Minimizing the Impact of Ghost Gear and Marine Litter in the Aquaculture Industry Globally

12 June 2019
16:00 - 16:10

Minimizing the Impact of Ghost Gear and Marine Litter in the Aquaculture Industry Globally

Every year 300’000.000 MT of plastic are produced, Our oceans are nearing tipping point and plastic waste is one of the greatest threats to them. Large numbers of plastic bottles and bags float around the earth but there is another, lesser-known, man-made killer plastic lurking in our oceans. Fishing gear is designed to catch and kill marine life, and ‘ghost gear’ – abandoned, lost or discarded fishing gear – is the most harmful form of marine debris for animals.

Each year at least 640,000 tonnes of this ‘ghost gear’ is lost or left in our oceans. The enormous impacts of ghost gear spell out the need for urgent attention: if this deadly threat to our oceans, marine animals and ecosystems is not addressed, there is a great risk that that ghost gear will interact and combine with other current oceanic threats to create what the UN termed “a destructive cycle of degradation.” Ultimately this could mean our oceans simply stop providing for humans in the many ways we now rely on them. Worryingly, the level of ghost gear has increased in recent years and it is likely to grow further as fishing efforts intensify all over the world. Effective solutions are being found locally and nationally, yet I believe only a global approach can enable us to monitor and fight this threat. (Taken from Global Ghost Gear Initiative – GGGI)

In 2018, Aquaculture Stewardship Council (ASC) approached to GGGI and assesses how the Aquaculture sector can minimize the impact of using plastic in the farms operations. ASC joined GGGI officially in 2018 to support the initiative and developed a criterion to be request to the aquaculture industry globally based on FAO code of conduct for fisheries and in the 3 principles of GGGI.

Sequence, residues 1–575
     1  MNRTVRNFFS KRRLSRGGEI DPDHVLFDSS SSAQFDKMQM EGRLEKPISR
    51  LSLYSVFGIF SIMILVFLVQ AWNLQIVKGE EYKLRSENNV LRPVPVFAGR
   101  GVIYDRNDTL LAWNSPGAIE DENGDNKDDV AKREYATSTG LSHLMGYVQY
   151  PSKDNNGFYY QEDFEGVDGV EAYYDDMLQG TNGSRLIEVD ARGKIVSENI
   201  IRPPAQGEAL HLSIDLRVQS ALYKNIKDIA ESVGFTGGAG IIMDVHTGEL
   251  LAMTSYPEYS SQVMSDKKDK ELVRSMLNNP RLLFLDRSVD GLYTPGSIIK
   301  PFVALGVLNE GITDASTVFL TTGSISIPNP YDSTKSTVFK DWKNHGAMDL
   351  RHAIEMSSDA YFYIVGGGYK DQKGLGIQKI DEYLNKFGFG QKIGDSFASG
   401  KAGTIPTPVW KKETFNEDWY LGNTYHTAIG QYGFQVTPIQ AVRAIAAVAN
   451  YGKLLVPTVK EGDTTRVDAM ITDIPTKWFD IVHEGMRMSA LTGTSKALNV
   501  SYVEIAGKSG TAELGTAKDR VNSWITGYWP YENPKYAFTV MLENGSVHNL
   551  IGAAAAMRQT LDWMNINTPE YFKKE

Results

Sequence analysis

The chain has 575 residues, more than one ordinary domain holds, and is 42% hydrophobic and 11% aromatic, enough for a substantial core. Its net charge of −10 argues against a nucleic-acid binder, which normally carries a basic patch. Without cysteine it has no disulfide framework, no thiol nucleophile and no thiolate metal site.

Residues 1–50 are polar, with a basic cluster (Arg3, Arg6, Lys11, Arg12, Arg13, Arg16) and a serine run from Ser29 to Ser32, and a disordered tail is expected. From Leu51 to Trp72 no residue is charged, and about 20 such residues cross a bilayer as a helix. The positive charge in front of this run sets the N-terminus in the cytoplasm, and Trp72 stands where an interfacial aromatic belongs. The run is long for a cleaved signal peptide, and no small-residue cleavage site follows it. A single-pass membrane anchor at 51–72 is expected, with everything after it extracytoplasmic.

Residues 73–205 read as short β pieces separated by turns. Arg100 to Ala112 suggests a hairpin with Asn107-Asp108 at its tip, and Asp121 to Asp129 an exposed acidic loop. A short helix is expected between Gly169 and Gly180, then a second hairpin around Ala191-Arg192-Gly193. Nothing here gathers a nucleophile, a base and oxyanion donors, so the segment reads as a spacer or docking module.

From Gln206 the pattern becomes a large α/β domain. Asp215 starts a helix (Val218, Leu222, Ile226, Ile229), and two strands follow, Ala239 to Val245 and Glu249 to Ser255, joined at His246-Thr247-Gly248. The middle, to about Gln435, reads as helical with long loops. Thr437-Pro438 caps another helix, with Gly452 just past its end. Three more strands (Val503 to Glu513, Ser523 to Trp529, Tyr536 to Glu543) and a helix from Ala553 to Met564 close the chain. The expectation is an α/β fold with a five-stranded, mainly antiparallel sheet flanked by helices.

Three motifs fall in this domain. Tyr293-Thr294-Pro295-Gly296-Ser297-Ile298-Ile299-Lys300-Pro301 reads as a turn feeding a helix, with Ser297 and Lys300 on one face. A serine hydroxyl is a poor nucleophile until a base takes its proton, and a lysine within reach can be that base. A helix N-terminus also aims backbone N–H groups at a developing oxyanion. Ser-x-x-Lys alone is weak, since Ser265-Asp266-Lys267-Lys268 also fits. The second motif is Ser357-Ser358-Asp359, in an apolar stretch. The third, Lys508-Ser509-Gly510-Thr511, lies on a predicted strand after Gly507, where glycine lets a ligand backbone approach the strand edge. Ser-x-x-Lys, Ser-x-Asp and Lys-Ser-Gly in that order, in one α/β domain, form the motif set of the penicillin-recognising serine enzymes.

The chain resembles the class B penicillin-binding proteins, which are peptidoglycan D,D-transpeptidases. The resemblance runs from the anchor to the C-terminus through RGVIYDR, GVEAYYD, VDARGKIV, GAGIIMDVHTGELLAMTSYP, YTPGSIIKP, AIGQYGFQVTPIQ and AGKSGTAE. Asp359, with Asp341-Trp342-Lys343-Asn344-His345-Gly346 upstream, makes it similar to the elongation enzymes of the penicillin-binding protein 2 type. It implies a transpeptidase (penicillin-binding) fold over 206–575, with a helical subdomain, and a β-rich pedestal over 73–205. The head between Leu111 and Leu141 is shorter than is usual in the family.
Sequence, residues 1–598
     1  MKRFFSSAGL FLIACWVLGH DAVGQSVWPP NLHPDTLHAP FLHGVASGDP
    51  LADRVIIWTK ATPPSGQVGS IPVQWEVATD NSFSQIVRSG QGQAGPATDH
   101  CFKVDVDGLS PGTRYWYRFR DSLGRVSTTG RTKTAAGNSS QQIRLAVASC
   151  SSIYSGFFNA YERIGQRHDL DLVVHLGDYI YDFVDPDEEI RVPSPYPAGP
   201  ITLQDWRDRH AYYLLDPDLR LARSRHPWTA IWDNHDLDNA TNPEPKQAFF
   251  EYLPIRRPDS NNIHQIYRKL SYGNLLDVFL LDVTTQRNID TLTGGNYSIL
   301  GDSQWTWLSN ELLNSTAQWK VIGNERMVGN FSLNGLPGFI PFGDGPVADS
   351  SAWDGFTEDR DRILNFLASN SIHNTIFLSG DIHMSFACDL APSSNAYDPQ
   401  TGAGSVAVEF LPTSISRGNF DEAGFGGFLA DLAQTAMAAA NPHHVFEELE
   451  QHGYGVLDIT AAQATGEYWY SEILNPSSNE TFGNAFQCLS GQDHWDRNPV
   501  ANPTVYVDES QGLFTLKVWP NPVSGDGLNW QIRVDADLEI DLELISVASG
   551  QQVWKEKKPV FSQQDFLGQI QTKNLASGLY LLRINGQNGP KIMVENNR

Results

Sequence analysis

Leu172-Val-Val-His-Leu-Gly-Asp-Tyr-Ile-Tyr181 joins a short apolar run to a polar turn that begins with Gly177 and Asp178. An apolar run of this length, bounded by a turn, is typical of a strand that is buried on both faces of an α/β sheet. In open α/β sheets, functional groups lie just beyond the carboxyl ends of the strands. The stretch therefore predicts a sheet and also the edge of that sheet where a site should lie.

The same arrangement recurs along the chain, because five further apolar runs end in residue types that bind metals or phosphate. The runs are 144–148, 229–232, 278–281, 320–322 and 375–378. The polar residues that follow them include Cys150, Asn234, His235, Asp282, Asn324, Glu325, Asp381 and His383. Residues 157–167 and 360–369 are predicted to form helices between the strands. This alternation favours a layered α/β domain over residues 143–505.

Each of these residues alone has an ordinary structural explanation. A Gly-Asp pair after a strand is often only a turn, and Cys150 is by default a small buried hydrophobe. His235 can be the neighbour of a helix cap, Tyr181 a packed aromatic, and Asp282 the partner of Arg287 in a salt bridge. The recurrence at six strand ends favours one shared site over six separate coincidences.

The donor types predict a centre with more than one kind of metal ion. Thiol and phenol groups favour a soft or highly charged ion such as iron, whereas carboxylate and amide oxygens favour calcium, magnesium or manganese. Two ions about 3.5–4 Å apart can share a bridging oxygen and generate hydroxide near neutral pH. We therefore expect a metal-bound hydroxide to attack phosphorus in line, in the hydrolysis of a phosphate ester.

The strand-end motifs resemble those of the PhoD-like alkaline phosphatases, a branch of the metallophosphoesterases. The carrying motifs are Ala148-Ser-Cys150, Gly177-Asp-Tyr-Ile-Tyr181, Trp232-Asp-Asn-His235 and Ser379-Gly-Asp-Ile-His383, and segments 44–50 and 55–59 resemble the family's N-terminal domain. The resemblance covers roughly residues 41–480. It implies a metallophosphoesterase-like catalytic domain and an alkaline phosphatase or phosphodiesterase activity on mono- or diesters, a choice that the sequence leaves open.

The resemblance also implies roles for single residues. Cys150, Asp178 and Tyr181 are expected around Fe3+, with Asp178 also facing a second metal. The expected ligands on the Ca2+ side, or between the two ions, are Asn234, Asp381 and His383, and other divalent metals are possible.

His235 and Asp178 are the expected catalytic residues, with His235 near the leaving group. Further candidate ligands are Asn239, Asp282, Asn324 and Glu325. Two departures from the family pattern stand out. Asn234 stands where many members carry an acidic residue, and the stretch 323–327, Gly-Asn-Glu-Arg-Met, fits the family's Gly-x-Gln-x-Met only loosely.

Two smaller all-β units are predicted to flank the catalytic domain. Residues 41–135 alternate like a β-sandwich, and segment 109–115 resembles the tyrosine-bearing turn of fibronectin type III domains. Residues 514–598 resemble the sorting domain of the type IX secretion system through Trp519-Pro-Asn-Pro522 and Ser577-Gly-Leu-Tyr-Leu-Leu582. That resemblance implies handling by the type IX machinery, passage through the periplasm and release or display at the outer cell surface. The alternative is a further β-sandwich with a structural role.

The technologies of the aquaculture are evolving at rapid pace and therefore, the application of the research and development in other fields is welcome to the sector. One of such development is the plastic application in aquaculture. The use of plastics in agriculture / aquaculture in the country has increased rapidly, and has acquired substantial significance in the conversion of material and energy, contributing greatly to the increased production of aquaculture.

The plastics are perhaps the most versatile of the materials known. They being synthetic can be tailor made to meet the very specific performance requirements of the enduse. By virtue of their versatility, plastics are fast replacing the conventional materials such as wood, glass, metals, papers, etc. in vary varied segments like agriculture, irrigation, water management, aquaculture, packaging, etc.

The plastics most commonly used in aquaculture are Low Density Polyethylene
(LDPE), High Density Polyethylene (HDPE), Polyvinyl Chloride (PVC), Polypropylene (PP), Polystyrene (PS), Polyamide (nylon), Polycarbonet (PC), Acrylic (PMMA), Fibre Reinforced Plastics (FRP), etc.

The research in application of the plastics for aquaculture operation certified by ASC has produced list per sector that have been evaluated as farmers fields for their applicability. At present, many of these gadgets are being used in the Aquaculture industry. The overview of these applications will be presented. This policy is affecting and minimizing the discarding of plastic globally in farms that are producing: Tilapia, Pangasius, Shirmp, Troutfish, Salmon, Seriola, Seabass/Seabream, Oysters, Abalone and Bivalves.

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